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The Second Mine Ban Treaty Review Conference - the Summit on a Mine-Free World, Cartagena de Indias, Colombia

Maria Josep Parés
General co-ordinator of the Moviment per la Pau NGO and member of the International Campaign to Ban Landmines
Maria Josep Parés

Maria Josep Parés

The signing of the Convention on the Prohibition of the Use, Stockpiling, Production and Transfer of Anti-Personnel Mines and on their Destruction by 122 countries in 1999 was a historic landmark for international humanitarian law for many reasons.

It was the first time that a significant number of countries, impelled by international civil society (hundreds of NGOs, large and small, from all over the world, under the umbrella of the International Campaign to Ban Landmines or ICBL) prohibited a weapon that at that time was part of the arsenals of practically all armies and which were being used regularly. However, it is a weapon that attacks civilians' lives, physical well-being and security indiscriminately.

This treaty, which is not subject to reservations, is based on the principles of international humanitarian law. 156 states are now party to the treaty1, and a range of measures to monitor its application and effectiveness are planned. To that end, the States, international organisations and the ICBL, have met in preparatory sessions and at the annual meetings of the States Parties, as stipulated in article 11, every year since it came into force in March 1999.

Article 12 also states that Review Conferences will be held every five years to review the operation of the Convention. The First Review Conference was held in Nairobi (Kenya) in 2004 and led to the Nairobi Action Plan2. The States undertook to take measures in various areas, including universalizing the Convention, destroying stockpiled anti-personnel mines, clearing mined areas and assisting victims. This document became the road map to be followed by the States during 2005-2009, as well as the guide used by civil society to monitor the application of the Treaty.

The Second Review Conference is to be held this year, in Cartagena (Colombia)3 between November 30 and December 4. Participants will include politicians from the highest level and the operation of the Nairobi Plan Action will be reviewed, as well as the situation of each aspect covered by the Treaty. A new Action Plan for the next five years must also be produced. There are many challenges to be faced by the international community and the organising country.

The venue chosen for the conference is significant. It is often seen as recognition for a country's work on the landmines issue, or helps raise awareness of the subject in the country or region. Colombia was a controversial choice because while its government has been strongly committed to organising the event, some sectors of civil society were not in agreement, as they felt that the Colombian government wanted to use the beauty of Cartagena as a backdrop and to present a situation that is very different to the real conditions in the country, in order to obtain political benefits.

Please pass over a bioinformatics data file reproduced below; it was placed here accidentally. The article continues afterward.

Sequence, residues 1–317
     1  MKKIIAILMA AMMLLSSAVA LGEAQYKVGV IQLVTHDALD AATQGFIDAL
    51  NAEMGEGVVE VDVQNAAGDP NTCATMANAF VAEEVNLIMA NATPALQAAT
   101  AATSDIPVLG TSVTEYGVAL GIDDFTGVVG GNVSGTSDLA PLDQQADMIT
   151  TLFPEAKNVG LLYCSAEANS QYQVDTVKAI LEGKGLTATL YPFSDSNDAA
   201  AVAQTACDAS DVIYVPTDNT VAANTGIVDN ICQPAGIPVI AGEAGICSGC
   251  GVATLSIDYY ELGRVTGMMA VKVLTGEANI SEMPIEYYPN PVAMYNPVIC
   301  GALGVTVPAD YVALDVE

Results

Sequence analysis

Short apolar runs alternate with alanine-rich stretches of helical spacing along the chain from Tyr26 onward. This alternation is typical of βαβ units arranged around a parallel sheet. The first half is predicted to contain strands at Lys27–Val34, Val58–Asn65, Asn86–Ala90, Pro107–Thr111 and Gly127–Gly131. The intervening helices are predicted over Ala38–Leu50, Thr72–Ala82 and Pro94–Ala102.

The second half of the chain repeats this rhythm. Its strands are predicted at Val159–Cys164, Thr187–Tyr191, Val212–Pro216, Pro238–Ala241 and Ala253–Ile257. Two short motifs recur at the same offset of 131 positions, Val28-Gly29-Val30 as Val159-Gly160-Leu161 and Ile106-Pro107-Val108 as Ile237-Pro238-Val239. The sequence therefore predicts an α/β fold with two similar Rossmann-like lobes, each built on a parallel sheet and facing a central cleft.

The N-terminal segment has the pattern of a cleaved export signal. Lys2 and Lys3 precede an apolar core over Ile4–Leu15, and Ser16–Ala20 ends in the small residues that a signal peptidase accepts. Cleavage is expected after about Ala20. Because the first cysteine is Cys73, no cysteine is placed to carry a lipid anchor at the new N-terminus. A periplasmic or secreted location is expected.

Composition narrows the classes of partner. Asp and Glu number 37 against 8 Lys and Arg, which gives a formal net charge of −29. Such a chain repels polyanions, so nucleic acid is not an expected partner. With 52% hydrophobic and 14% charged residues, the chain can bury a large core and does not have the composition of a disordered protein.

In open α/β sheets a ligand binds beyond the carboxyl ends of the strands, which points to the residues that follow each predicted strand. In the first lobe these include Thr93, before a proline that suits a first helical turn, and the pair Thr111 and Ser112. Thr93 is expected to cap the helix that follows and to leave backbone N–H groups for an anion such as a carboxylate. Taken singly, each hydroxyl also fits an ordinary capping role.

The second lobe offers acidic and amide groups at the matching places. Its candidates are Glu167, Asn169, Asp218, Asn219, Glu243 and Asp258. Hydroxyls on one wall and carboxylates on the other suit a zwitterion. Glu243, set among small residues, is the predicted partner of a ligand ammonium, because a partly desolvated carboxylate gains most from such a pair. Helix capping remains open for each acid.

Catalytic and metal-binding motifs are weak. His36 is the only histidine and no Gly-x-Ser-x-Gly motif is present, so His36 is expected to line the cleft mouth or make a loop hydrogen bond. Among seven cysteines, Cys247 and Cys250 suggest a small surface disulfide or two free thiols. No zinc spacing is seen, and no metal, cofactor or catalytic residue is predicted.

Colombia is involved in an armed internal conflict in which non-State actors continue to use landmines and booby traps; it is the only country in America and one of the few countries in the world where mines are laid every day; between 1990 and June 2009, the total number of recorded victims of landmines, unexploded ammunition and explosive devices was 7,885, of which 35% were civilians4.

The Colombian government must respond to issues that it has so far avoided, such as landmine removal for humanitarian reasons. Numerous communities (including many indigenous populations) live with the danger of landmines and their members are victims. In October, a leader of the Embera Katio people in the state of Cordoba, with which the Moviment per la Pau has very close links, trod on a landmine and died. Communities like these have been asking the government to help them remove the landmines and to allow the international community to work in the area, so that they are no longer subject to this threat.

These and other crucial subjects, such as compliance by many countries with the 10-year period (stipulated in article 5 of the treaty) for destroying all anti-personnel mines in areas under their control will be discussed in Cartagena. Moviment per la Pau will be there to play an active role both as a member and an official representative of the ICBL and as an NGO that has been working with co-operation projects since 2004, and to make its own small but significant contribution.


1. To consult the complete list, see: http://www.icbl.org/index.php/icbl/Universal/MBT/States-Parties (Back)
2. http://www.icbl.org/index.php/icbl/Library/News-Articles/The-Treaties/Nairobi-Action-Plan (Back)
3. The annual meetings of States Parties are held alternately in Geneva (at the United Nations offices in the city) and in a country affected by landmines, while the Review Conferences are held in affected countries. (Back)
4. http://lm.icbl.org/index.php/publications/display?url=lm/2008/countries/colombia.html (Back)